Cuts on a Cat

Bleeding even in small amounts frightens many pet owners, but the blood’s remarkable clotting mechanism stops most bleeding in five minutes. When a small blood vessel is injured, it constricts (narrows) to allow less blood to escape. Platelets, which are blood cells, arrive at the scene to plug the hole, and chemicals released by the platelets combine with factors in the blood to produce fiber-like strands called fibrin, which complete the blood clot and stop the bleeding.

Sometimes the injury to the blood vessel is too large for the clotting mechanism to be effective. Apply direct pressure to the wound for five or ten minutes and allow the clotting mechanism to work; that’s usually all that is needed. Use the cleanest material available gauze pads, sheets, towels, or clothing. A pre-s-sure bandage can be applied for sustained pressure. If these measures are unsuccessful, a tourniquet is needed.

Cuts on a Cat Home Remedies

Clean the wound with soap and water after the bleeding stops. Hydrogen peroxide (3 percent) can also be used. Do not rub the damage hard, or the clot may loosen and the bleeding will recur. Gently remove any hair, dirt, or other foreign material from the area.

Wounds heal by skin contraction and by the presence of serum and blood cells at the site. Even gaping wounds will heal in time through this process if kept clean. There is probably lissome truth to the statement that cats lick their wounds to keep them clean and to enhance healing.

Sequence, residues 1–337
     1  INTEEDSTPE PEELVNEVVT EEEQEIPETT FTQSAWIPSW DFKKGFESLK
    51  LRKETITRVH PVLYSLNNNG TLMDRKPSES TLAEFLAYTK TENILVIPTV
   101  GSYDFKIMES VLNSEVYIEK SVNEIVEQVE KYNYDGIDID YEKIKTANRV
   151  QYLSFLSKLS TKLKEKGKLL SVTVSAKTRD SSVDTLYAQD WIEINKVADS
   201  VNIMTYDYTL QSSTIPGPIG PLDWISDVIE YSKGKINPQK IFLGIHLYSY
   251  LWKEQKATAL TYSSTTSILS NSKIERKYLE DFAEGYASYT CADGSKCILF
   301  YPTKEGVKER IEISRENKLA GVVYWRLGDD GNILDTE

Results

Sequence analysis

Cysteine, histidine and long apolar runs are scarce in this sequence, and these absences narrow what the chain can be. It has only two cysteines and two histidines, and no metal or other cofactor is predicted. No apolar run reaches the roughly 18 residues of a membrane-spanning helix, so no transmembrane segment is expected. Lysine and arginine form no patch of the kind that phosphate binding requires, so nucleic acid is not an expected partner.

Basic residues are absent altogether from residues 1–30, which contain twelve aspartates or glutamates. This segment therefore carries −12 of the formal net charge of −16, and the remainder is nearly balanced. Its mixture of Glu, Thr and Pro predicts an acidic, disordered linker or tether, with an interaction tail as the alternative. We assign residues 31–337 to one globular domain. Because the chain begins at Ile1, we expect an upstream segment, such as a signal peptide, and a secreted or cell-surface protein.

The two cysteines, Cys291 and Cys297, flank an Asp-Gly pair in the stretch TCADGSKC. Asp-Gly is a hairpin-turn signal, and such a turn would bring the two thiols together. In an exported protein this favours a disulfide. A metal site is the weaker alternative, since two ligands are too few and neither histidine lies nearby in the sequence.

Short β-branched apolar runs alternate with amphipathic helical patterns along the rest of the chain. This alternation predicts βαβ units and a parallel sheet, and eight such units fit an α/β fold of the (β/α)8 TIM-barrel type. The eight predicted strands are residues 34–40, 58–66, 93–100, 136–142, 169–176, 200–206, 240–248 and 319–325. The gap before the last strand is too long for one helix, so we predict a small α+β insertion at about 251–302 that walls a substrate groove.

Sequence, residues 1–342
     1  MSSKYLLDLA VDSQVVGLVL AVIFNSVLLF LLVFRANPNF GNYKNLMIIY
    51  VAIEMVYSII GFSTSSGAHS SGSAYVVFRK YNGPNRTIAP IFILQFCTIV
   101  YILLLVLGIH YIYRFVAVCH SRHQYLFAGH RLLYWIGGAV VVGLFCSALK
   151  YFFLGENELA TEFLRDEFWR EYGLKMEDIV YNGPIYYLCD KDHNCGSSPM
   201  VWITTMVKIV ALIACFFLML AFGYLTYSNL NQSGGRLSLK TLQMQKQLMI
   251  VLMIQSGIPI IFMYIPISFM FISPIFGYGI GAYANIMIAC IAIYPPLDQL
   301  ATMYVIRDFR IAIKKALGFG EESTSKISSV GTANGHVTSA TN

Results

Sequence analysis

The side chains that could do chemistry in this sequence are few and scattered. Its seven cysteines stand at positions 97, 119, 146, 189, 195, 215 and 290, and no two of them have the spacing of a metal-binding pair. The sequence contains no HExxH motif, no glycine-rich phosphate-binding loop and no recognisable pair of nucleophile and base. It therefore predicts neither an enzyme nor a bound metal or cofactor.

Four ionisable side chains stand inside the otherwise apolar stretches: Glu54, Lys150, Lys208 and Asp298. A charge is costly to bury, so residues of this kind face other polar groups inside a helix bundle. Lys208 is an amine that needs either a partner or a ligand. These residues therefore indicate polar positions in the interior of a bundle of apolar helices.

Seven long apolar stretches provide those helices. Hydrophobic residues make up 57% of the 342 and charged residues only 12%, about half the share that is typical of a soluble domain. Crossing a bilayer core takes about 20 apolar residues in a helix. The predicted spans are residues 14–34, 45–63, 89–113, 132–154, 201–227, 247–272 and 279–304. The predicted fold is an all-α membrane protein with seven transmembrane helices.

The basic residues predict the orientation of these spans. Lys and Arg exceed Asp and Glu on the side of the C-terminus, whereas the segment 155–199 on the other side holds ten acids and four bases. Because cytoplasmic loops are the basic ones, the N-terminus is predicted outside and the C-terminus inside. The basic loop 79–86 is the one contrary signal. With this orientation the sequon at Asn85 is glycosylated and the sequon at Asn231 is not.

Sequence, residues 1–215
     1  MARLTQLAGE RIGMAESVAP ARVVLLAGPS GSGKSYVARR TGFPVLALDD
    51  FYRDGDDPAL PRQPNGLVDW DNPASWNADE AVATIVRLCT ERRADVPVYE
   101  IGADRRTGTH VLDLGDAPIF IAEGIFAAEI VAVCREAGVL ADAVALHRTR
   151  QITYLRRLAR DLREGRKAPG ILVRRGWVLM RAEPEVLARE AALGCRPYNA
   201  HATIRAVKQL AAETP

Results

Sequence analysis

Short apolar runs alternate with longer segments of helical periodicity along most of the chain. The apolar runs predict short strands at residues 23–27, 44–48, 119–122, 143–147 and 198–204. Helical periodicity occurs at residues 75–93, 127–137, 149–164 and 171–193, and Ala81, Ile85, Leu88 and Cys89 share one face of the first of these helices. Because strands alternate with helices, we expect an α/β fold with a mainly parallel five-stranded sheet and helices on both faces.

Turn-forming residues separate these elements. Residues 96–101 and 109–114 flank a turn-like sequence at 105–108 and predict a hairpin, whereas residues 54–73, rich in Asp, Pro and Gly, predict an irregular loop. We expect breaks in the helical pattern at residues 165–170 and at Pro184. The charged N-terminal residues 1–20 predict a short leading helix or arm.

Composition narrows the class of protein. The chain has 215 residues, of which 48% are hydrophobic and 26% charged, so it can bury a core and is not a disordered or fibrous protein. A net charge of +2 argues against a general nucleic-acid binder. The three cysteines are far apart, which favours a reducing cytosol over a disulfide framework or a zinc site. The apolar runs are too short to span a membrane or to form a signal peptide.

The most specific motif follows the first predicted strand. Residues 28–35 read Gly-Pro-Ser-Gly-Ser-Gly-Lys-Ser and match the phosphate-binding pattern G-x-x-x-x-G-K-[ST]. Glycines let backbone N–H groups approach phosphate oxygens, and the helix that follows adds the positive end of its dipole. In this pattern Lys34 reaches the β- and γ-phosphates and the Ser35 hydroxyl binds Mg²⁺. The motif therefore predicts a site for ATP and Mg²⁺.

Direct pressure with a gauze pad or clean cloth should stop the bleeding of a cut footpad. If you cannot get to a veterinarian, check the wound for dirt or other debris and then band age it firmly. If it starts bleeding again, flush the wound gently with 3 percent hydrogen peroxide and re-bandage it.

Shallow footpad wounds do not have to be sutured. Your pet may have a sore paw panda limp for a few weeks, but nightly flushing with clean water and hydrogen peroxide will help heal the wound. If the wound becomes in-feted, go see your doctor.

Cuts on a Cat Treatment

You should see your doctor if the wound is very deep, huge (longer titan one-half inch), very dirty, or has become infected. In these cases, your veterinarian will probably recommend surgery. A narcotic or tranquilizer and a local anesthetic (or general anesthesia)will be used so your pet will not feel any pain. The wound will be explored for hair, dirt, and other foreign particles and flushed with sterile water mixed with antibiotics to prevent or eliminate the infection. it will be sutured to decrease the healing time and to prevent dirt from reentering. If your cat chews its wounds, or if it is overactive, tranquilizers and or a special protective collar may be prescribed during the healing period. Your veterinarian will also determine whether antibiotics are necessary.

Deep footpad wounds need to be sutured. Your doctor may also suggest antibiotics if the wound was extremely dirty. Cats are quite resistant to tetanus, but if the wound occurs red around stables, your veterinarian may recommend a tetanus shot.

Removing Stitches. Your veterinarian will tell you when the stitches are to be removed. Unless your doctor wants to recheck your pet, you can do the job yourself. Gently grasp a loose end of the knot with tweezers. Using a pair of small, sharp scissors, cut the stitch as close to the skin as possible and pull it out. Cutting close to the skin reduces the chance of contamination and infection.

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